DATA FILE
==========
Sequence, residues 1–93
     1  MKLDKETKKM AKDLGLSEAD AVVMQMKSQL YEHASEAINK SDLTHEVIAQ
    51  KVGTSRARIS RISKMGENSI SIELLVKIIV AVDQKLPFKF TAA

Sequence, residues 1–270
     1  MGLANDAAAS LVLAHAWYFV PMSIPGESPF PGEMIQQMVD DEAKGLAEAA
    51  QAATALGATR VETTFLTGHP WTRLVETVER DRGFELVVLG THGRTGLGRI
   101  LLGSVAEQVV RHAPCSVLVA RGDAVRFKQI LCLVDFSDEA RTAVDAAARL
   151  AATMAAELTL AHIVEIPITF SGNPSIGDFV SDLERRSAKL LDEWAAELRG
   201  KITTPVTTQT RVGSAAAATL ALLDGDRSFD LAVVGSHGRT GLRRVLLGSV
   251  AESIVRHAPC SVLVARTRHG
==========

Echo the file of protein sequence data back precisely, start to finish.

Sequence, residues 1–93
     1  MKLDKETKKM AKDLGLSEAD AVVMQMKSQL YEHASEAINK SDLTHEVIAQ
    51  KVGTSRARIS RISKMGENSI SIELLVKIIV AVDQKLPFKF TAA

Sequence, residues 1–270
     1  MGLANDAAAS LVLAHAWYFV PMSIPGESPF PGEMIQQMVD DEAKGLAEAA
    51  QAATALGATR VETTFLTGHP WTRLVETVER DRGFELVVLG THGRTGLGRI
   101  LLGSVAEQVV RHAPCSVLVA RGDAVRFKQI LCLVDFSDEA RTAVDAAARL
   151  AATMAAELTL AHIVEIPITF SGNPSIGDFV SDLERRSAKL LDEWAAELRG
   201  KITTPVTTQT RVGSAAAATL ALLDGDRSFD LAVVGSHGRT GLRRVLLGSV
   251  AESIVRHAPC SVLVARTRHG